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The Guardian view on Hurricane Beryl: the west can’t sit this out | Editorial
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The Guardian view on Hurricane Beryl: the west can’t sit this out | Editorial

The islands that have been hardest hit by Hurricane Beryl will take years to recover. Nine out of 10 homes on Union, which is part of St Vincent and the Grenadines in the eastern Caribbean, were damaged or destroyed on Monday. On Carriacou, which is part of Grenada, hardly any buildings were left unscathed. On Tuesday, the Grenadian prime minister, Dickon Mitchell, described the situation as “almost Armageddon-like”.

The course taken by Beryl meant that Jamaica, which is home to nearly 3 million people, did not receive its full force as had been feared. But houses and roads were flooded, and a woman was killed, taking the overall death toll to at least 10. Barbados and other islands were also damaged.

What makes this week’s events all the more alarming is that such a violent hurricane this early in the year is unprecedented. When it strengthened from a category 4 to a category 5 hurricane on Monday, meaning that winds exceeded 157mph, Beryl became the earliest Atlantic storm of that strength on record.

Caribbean leaders have not held back in pointing to climate change as the probable cause. Attribution studies, which use computer models to calculate the contribution made by global heating to specific weather events, have not yet been carried out, so it is not possible to be precise. But the greenhouse effect is heating the oceans as well as the air. And warmer seas provide additional energy to tropical storms, making them stronger. Ralph Gonsalves, the prime minister of St Vincent and the Grenadines, said that he hoped the severity of this hurricane, so early in a season that runs from June until November, would alert rich countries to the danger that states like his are facing.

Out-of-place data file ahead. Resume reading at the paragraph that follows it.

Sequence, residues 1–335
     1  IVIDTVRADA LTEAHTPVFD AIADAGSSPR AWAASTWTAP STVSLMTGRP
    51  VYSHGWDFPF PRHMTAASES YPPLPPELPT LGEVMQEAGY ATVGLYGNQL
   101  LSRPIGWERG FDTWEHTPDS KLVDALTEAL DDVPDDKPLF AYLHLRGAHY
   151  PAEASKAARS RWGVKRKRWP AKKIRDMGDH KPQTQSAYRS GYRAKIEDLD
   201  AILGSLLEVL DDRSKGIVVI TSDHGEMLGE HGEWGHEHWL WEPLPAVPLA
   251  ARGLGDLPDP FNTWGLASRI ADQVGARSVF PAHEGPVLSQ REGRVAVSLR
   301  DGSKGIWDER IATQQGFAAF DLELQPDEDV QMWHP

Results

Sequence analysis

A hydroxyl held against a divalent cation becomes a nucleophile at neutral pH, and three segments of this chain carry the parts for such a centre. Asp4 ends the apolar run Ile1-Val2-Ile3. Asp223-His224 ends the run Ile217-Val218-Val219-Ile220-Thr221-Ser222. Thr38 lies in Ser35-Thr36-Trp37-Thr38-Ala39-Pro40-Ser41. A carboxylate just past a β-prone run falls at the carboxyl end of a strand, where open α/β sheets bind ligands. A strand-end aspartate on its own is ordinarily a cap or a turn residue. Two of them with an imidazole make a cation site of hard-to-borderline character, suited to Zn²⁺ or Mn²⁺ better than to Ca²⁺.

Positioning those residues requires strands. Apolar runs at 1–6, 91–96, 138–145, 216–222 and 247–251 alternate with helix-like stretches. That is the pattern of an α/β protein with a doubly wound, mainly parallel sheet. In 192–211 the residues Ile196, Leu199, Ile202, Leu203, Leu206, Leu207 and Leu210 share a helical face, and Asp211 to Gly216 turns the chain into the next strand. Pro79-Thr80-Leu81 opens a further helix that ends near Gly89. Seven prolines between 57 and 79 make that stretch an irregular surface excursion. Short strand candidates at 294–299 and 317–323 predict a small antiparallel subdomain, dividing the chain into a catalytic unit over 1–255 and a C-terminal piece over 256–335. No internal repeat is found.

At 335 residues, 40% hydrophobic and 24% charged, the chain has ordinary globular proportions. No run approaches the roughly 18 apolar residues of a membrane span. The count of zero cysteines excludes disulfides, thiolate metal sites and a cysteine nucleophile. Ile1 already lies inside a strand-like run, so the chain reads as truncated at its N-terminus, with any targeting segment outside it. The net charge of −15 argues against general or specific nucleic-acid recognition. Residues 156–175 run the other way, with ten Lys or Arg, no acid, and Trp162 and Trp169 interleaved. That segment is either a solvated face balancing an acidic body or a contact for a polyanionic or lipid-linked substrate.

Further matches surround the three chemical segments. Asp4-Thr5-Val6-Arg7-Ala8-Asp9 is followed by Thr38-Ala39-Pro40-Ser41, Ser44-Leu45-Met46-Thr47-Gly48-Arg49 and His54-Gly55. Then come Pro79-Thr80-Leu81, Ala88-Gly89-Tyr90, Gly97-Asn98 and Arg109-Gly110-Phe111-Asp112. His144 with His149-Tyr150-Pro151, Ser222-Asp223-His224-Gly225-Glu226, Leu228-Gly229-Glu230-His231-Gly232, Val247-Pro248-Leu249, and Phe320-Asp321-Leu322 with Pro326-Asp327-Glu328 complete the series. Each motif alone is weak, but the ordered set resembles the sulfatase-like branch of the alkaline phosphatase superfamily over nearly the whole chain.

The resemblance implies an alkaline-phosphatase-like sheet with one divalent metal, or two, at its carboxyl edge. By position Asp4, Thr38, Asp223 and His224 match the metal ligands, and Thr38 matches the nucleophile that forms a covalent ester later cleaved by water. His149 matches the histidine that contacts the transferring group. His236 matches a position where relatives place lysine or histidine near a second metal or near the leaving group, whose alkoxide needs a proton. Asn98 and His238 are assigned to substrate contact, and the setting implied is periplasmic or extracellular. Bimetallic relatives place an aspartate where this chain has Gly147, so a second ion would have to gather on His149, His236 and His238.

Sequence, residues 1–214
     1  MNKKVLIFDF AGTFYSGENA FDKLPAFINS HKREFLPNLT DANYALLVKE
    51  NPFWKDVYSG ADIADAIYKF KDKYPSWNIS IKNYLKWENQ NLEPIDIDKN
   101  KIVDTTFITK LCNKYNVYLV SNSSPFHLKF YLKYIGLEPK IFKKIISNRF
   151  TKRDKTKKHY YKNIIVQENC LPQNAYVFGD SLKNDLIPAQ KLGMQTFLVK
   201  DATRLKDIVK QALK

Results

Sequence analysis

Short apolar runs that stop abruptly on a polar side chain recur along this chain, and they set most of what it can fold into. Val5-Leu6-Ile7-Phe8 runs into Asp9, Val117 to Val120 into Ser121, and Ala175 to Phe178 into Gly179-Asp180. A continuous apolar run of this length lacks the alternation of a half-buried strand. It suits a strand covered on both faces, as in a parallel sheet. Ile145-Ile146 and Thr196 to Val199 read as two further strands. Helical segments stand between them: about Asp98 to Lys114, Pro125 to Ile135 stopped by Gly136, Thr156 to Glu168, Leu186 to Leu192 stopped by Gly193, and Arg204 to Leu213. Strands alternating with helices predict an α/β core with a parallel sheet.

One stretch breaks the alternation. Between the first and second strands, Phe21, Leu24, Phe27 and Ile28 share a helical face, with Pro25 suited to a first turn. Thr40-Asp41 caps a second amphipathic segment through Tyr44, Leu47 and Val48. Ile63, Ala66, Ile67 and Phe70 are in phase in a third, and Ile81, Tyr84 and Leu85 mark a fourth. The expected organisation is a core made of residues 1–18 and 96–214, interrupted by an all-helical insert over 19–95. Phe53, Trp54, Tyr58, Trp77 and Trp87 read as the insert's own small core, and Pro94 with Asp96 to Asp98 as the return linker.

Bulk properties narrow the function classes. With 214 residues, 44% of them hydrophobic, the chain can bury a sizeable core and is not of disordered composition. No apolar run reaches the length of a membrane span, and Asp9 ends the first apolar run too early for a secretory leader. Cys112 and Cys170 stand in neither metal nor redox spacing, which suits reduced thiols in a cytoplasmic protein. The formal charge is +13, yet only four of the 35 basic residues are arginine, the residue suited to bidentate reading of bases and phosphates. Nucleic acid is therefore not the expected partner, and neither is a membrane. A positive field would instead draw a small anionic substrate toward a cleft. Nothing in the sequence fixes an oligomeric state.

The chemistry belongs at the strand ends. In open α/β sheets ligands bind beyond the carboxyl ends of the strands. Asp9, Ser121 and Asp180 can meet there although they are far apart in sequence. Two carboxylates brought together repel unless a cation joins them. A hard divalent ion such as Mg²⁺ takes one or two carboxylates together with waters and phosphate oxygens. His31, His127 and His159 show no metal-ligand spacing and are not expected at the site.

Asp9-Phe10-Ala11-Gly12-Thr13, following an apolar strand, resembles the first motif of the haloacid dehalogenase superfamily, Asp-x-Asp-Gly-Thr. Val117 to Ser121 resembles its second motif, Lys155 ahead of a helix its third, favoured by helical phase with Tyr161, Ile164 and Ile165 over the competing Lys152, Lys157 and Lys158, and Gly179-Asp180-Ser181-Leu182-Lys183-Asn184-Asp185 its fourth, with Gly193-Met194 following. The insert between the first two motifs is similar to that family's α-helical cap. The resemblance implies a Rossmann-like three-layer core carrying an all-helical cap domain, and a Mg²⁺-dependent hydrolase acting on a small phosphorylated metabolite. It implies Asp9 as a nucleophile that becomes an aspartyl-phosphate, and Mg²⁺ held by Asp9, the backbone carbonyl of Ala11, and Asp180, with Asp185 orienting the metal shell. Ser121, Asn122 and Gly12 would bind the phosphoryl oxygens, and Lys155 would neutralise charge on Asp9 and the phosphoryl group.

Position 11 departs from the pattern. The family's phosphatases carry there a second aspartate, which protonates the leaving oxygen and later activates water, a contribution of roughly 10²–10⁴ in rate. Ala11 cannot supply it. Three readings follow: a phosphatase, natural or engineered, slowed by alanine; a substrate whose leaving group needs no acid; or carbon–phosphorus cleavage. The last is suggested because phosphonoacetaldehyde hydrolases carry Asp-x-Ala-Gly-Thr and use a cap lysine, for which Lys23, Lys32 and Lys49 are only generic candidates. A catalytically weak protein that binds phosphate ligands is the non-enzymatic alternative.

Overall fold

Along with Carla Barnett, the secretary general of the Caribbean Community (Caricom), and Lady Scotland, secretary general of the Commonwealth, Mr Gonsalves urged the countries that are major emitters of greenhouse gases, both now and historically, to honour their past pledges to these nations. The present, he said, is “a terrible time for small-island developing states”.

Mr Mitchell aims to recoup some of the costs of cleaning up Grenada through the country’s catastrophic risk insurance policy. But there is a danger that much of the effort that has gone into helping the islands to recover from the pandemic could now be undone. Developing countries have been promised $100bn in climate finance, but in 2019 small-island states had access to only $1.5bn of that. Mia Mottley, the prime minister of Barbados, has led moves to adjust the terms of international lending in poor countries’ favour. The Bridgetown Initiative would ensure debt relief for crisis-hit governments and lower the cost of borrowing; she has also proposed a new funding stream from a global tax on oil and gas profits.

The moral case is unarguable. Mr Gonsalves is right that the climate should have been more prominent in the UK’s election, and should feature more strongly in politics across the west. The clean-up from Beryl will cost tens of millions of dollars – and that is before rebuilding can begin. Caribbean leaders are right to challenge the world’s bankers with their calls for better terms. Hurricanes such as Beryl strengthen the case for debts to be written off. The countries that bear the least responsibility for global heating must be supported to protect themselves from its worst effects.

Source: theguardian.com